Fiddleheads and Wild Flower Seeds

A Gift that Keeps on Giving

Once again Vesey’s has prepared a special packet of wildflower seeds for the bees, butterflies, and birds; and once again the Woodstock Farm and Craft Market has ordered a supply for complimentary distribution to its faithful patrons.

These packets were picked so fast last year that the Market doubled its order for this year; and like last year, Market Board member, Glenn McLean, volunteered to pay for the order.

It’s certainly true that the Woodstock Farm Market and Craft Market is a place for selling and buying, but it is also a place where the “gift economy” is continually in operation as well. Glenn’s generosity is good example of the “gift economy.” The whole Farm Market is run entirely by volunteers making the gift of their time and interest.

So if you want to pass on a gift to the bees, butterflies, and birds, look for the complimentary wildflower seed packet at the front desk.

High Water and Fiddleheads

With continuing high water in the creeks and rivers, I figured the fiddleheads might be late this year, but they seem to be right on time. Fiddleheads were available in the Farm Market last week, and Ramona Paul assures me that a steady supply will be coming in this week as well.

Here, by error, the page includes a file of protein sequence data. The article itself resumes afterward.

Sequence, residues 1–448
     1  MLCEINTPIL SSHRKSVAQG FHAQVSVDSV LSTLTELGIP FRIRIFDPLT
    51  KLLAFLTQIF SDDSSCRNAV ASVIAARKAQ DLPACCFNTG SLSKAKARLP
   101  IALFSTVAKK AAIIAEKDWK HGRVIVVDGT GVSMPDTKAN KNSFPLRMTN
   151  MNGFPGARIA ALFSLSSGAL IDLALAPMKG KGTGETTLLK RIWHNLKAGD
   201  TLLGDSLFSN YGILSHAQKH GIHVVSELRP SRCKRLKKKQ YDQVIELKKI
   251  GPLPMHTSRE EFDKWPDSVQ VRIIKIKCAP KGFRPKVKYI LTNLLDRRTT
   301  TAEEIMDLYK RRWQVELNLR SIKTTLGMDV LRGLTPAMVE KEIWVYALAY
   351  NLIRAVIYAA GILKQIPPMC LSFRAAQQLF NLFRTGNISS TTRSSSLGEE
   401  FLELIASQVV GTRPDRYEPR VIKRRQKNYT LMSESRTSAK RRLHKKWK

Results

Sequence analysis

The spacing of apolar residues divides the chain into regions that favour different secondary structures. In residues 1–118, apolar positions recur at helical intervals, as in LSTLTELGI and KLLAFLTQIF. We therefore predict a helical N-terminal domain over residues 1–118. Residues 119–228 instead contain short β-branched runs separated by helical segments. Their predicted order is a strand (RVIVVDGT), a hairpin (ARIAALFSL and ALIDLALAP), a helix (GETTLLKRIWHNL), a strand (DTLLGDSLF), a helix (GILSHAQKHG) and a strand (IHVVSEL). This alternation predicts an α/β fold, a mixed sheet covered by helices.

They tend to sell quickly so there may be temporary gaps between when they sell out and a new supply is brought in. A phone call to the Market to check is a good idea. Call 325-1816. Market hours are 10-4 Monday through Saturday. The Market opens at 8 AM on Friday.

Ramona also has a great fiddlehead cookbook for sale in the Market that has lots of recipes for preparing, cooking, and baking with fiddleheads. It is titled Gourmet Fiddleheads: Cooking with North America’s Finest. Look for it in Ramona’s stall and at the front counter.

Vegetable Garden Seeds at the Market

The Market is a good place to pick up vegetable seeds for your garden planting. Matthew Culberson has a good selection of his home-grown seeds. Carolyn Davis has a display from Hope Seeds, an organic grower who got her start in Knowlesville and is now located in the Annapolis Valley of Nova Scotia. Both suppliers feature the good old heirloom varieties that have served Maritime gardeners well for many generations.

The rain has at last slacked off and the heat of the sun in recent days has warmed the soil and dried it out enough to get started with garden planting. Market gardeners and home gardeners alike are now gearing up for a new season. We all hope for good planting weather and a bountiful harvest.

If you are looking for a place to put in a garden, plots are still available at the Woodstock Community Garden on upper Main Street. Contact Ellen or Keith Helmuth 325-3546